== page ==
In the PC world this is not the way things are. Dell smacked Compaq down from the number 1 spot, not because it has a better product, both companies provide virtually identical systems. Dell won by starting a price war, they kept lowering the price until Compaq, Gatway and all the other couldn't afford to lower thier prices anymore. This worked exceptionally well and Dell increased it market share because thier systems were a couple hundred dollars cheaper than everyone elses. Of course now Dell is paying for this, because they are working with a razor thin profit margin and is now having to cut costs in order to maintain earnings. This is why Dell has been laying off workers every couple of weeks and will probably continue to do so through the end of the summer when sales start picking up again.

Buy low! (1)

superflippy (442879) | more than 13 years ago | (#214197)

All we'd need is for someone to build a widget like the ones that track prices on auction sites or stock prices. You tell it to notify you via email when the price of the system you want drops below $2000, for example, and then just wait to buy your computer until you get the price you want.

strategy based on IGNORANCE - how to fight it... (2)

President of The US (443103) | more than 13 years ago | (#214198)

Is to create some kind of forum where people can share the "deal" they each got from IBM. If you go to your account rep and say, "I know so-and-so got the same hardware for $2000 less, give me that deal or else", most good account reps will find a way to get you that same deal.

Dynamic pricing is based on ignorance -- that you didn't know you could get a better deal. It is easily combatted with information. And becauase we're talking about large $ items here, not books and CD's, you can factor in the human element (i.e., the relationship between the customer and the company/account rep).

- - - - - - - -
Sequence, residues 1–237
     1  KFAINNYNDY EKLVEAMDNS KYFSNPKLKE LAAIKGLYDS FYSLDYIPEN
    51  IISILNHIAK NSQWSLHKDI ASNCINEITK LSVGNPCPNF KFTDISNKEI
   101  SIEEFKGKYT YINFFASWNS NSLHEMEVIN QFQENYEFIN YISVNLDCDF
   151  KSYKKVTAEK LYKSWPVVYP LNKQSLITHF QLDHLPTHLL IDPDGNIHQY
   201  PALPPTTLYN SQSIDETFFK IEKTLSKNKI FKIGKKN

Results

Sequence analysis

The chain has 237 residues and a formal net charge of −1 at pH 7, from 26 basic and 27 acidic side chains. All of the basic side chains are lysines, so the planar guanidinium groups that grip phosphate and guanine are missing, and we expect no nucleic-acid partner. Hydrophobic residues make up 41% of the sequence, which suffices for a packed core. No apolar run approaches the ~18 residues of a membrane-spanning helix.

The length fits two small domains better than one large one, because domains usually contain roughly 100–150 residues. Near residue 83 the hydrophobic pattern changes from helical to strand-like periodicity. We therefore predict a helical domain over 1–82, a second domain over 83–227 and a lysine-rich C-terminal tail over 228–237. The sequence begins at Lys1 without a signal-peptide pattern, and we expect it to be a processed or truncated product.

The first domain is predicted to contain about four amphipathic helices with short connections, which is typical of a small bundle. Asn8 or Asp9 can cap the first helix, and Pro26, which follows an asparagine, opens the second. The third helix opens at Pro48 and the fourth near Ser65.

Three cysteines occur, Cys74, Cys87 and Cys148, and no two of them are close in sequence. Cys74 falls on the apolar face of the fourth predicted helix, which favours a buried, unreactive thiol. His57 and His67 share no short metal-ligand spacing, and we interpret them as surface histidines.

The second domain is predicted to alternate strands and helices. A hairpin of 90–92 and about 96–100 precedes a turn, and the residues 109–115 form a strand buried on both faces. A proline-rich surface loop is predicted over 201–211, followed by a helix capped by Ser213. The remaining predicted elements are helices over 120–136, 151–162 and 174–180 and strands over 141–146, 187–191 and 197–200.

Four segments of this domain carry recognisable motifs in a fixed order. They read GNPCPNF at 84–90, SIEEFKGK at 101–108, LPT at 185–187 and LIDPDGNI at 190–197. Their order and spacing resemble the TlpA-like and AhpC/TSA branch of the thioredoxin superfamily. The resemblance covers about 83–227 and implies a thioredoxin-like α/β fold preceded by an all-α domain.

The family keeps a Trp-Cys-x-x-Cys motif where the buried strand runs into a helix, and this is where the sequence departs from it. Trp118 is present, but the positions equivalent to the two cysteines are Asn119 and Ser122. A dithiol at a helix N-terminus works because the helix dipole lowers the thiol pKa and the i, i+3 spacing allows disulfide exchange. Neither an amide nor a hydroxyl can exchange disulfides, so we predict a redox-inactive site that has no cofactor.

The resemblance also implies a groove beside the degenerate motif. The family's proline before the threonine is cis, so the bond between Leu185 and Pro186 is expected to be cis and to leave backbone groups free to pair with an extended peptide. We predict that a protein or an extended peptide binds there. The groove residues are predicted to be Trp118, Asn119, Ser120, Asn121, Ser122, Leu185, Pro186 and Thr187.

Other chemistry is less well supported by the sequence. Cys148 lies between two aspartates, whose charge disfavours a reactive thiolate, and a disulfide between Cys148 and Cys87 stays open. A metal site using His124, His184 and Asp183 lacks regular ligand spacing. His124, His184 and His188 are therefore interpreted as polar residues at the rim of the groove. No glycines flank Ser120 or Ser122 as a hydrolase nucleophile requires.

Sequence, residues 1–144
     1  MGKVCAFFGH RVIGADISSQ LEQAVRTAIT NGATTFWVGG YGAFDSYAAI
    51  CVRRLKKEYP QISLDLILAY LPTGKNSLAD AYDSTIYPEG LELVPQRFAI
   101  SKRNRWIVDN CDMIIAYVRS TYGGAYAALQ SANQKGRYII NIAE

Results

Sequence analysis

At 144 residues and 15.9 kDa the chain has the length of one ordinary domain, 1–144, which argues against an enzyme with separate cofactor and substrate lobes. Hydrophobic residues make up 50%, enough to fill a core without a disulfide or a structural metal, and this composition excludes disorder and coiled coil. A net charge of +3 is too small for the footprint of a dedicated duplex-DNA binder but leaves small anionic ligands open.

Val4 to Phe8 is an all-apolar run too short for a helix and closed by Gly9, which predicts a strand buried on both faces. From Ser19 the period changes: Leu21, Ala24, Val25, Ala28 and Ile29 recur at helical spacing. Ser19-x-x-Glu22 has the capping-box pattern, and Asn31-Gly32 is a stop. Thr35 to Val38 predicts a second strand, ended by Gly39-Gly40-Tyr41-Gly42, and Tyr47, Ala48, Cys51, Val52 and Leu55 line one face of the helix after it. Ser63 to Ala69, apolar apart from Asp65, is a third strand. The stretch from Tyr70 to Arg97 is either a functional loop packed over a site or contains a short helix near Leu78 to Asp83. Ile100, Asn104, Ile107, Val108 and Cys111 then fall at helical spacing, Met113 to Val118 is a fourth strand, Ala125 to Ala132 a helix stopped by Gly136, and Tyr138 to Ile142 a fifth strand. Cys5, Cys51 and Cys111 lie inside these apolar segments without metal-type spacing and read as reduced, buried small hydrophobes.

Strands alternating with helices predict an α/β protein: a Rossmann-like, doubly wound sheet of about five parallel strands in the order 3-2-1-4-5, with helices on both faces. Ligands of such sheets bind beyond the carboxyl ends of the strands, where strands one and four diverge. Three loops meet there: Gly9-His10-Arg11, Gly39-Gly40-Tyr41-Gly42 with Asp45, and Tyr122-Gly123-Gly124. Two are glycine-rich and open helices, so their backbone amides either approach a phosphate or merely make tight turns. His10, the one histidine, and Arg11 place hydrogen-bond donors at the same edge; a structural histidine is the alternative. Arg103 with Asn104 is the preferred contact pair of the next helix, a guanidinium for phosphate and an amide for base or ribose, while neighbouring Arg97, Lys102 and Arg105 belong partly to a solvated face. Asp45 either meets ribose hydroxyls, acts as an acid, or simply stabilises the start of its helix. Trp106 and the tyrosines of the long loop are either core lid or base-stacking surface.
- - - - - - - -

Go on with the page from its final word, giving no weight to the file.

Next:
Re:Look at it from both sides before you attack... (1)

haruharaharu (443975) | more than 13 years ago | (#214199)

no it wouldn't. Short term fixed prices vary in the long term.

Re:Coke machines anyone? (1)

chemical55 (446280) | more than 13 years ago | (#214201)

Yea, and I thought that 8$ for a watered down rum and coke was bad. One time at Twilo, I ordered a Long Island Ice-T and the bar tender filled it up half way, when I noted this to him, he merely filled it the rest of the way with soda water...bastard. I wanted to dump it on his smug face, but I didn't feel like having the door opened with my head.

Dynamic Pricing Diffrences (1)

cyberlync (450786) | more than 13 years ago | (#214202)

If I remember correctly, Amazon used their concept of dynamic pricing to gouge returning customers. This model seems to be set up to give the best price to customers based on inventory, availability, etc.

Who knows it may be a good thing.

3rd world countries now available for e-commerce? (1)

christoofar (451967) | more than 13 years ago | (#214203)

Only in poor countries would you see this type of price shennanegans taking place.

What is this, e-bartering? What's next? E-Hunterer-and-Gatherer?

Most Americans... (1)

Em Emalb (452530) | more than 13 years ago | (#214204)

Most american's won't understand this, since they are for the most part sheep that will just hop on dell's site and price the computer, never thinking that compaq and ibm are doing the same price it looks like a good deal...if they WERE aware, this would go over like a turd in a punch bowl....